RufCrownedEmu-wren270810  8289

A male Rufous-crowned Emu-wren defends his patch of spinifex.

I caught this pic of the enigmatic Rufous-crowned Emu-wren Stipiturus ruficeps just after dawn yesterday at a well-known spot on the road to the small community of Ltyentye Apurte, also known as Santa Teresa and Ltyentye Apurte, east of Alice Springs.

This was the first stop in yesterday’s long day of birding in and around Alice Springs in preparation for the 24 hour Twitchathon on  September 24 as part of the second annual Red Centre Bird Week in the last week of September.

I wouldn’t dare, or want, to call myself a “twitcher”. Twitchers are the real hard-core birders who will drive, fly, walk or crawl across the country, or the world, to get the briefest glimpse of a rare bird.

There have been more than a few twitchers that have rushed to the Centre following the recent irruption of the reclusive princess parrots (Polytelis alexandrae) on Aboriginal lands a few hundred kilometres west of Alice Springs. This irruption is most likely due to very favourable conditions arising from prolonged rains we’ve received since January.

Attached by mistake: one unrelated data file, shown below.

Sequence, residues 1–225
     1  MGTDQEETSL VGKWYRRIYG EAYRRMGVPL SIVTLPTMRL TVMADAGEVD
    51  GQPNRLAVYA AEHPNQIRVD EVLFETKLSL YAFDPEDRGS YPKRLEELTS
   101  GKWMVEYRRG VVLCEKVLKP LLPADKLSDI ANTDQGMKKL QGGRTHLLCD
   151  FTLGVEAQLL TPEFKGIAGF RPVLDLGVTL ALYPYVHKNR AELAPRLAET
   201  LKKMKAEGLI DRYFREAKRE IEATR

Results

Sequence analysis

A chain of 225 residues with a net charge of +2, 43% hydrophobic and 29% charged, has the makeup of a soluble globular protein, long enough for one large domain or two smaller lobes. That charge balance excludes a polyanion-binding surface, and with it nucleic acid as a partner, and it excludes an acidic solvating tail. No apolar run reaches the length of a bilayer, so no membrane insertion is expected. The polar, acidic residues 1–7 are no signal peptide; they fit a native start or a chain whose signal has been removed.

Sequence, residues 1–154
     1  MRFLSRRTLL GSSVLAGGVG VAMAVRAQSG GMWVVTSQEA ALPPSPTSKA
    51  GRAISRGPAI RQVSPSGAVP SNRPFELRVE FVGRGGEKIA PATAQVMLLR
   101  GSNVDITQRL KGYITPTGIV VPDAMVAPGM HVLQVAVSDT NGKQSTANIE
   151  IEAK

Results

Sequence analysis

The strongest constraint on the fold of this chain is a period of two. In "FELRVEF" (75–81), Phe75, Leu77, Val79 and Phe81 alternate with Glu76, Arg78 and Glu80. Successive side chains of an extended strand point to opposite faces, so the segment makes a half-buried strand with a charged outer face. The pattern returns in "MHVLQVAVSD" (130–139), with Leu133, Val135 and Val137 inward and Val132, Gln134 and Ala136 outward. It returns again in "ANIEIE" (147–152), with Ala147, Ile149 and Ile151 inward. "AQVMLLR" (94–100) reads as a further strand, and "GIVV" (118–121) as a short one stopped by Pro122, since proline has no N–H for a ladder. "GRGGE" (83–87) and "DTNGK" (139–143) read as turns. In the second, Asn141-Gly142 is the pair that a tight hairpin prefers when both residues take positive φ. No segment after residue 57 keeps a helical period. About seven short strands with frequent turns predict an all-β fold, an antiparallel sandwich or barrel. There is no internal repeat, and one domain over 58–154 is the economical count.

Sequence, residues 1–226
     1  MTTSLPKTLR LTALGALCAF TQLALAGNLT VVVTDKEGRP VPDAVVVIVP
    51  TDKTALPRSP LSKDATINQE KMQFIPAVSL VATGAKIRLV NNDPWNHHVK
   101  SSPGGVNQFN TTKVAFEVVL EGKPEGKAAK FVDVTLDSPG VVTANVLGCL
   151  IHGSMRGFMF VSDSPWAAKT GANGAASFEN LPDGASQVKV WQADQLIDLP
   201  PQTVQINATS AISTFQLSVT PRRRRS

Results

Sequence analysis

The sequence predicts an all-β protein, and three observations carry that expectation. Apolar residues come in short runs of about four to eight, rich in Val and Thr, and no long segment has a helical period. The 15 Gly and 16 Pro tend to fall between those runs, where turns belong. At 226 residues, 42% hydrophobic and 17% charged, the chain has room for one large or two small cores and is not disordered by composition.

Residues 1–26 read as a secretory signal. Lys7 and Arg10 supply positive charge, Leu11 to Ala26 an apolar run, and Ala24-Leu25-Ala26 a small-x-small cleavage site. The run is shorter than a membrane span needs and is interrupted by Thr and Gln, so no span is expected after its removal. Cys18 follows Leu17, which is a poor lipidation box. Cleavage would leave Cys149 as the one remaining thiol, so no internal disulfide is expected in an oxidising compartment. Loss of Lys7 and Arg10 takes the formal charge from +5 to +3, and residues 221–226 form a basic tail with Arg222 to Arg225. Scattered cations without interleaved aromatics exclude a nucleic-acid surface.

The prospect of getting a “tick” for a princess parrot within half a day’s drive from the Alice is apparently very tempting, particularly as PPs are normally only found in small numbers across a vast area of the western deserts many hours from Alice Springs.

The full story of the princess parrots, and those who are frantically seeking them, will have to wait for another day. The recent influx of birders into the Centre, and the restrictions they face accessing the Aboriginal lands that the birds are currently on, prompted my mate Christopher Watson to spend a day travelling around Alice Springs trying to get as many birds as possible in a day’s drive close to town.

Chris’ main object was to show that many good birds could be found close to the Alice in places readily accessible to anyone, and to give those less familiar with the Centre an indication of the quality of birding they could expect close-up to Alice Springs without using a four-wheel-drive or accessing private land — Aboriginal or otherwise.

Chris published the results of his efforts a few days ago and that prompted me to ask him if I could tag along the next time he went out looking for birds.

the Emu-wren's protagonist, a male Variegated Fairy-wren

The Emu-wren’s protagonist, a male Variegated Fairy-wren.

That’s why I was up at 5am yesterday for an early start to what would be a long and fantastically rewarding day. We’d decided to slightly expand Chris’ original restrictions by opening up the geographical range and by travelling on unsealed roads.

We started off with a pre-dawn trip east along the road to Santa Teresa where we caught up with the beautiful Emu-wren (above) hassling with this beautifully plumaged male Fairy-wren over preferred breeding territory.

Read the rest of this post — and comment — over at the Northern Myth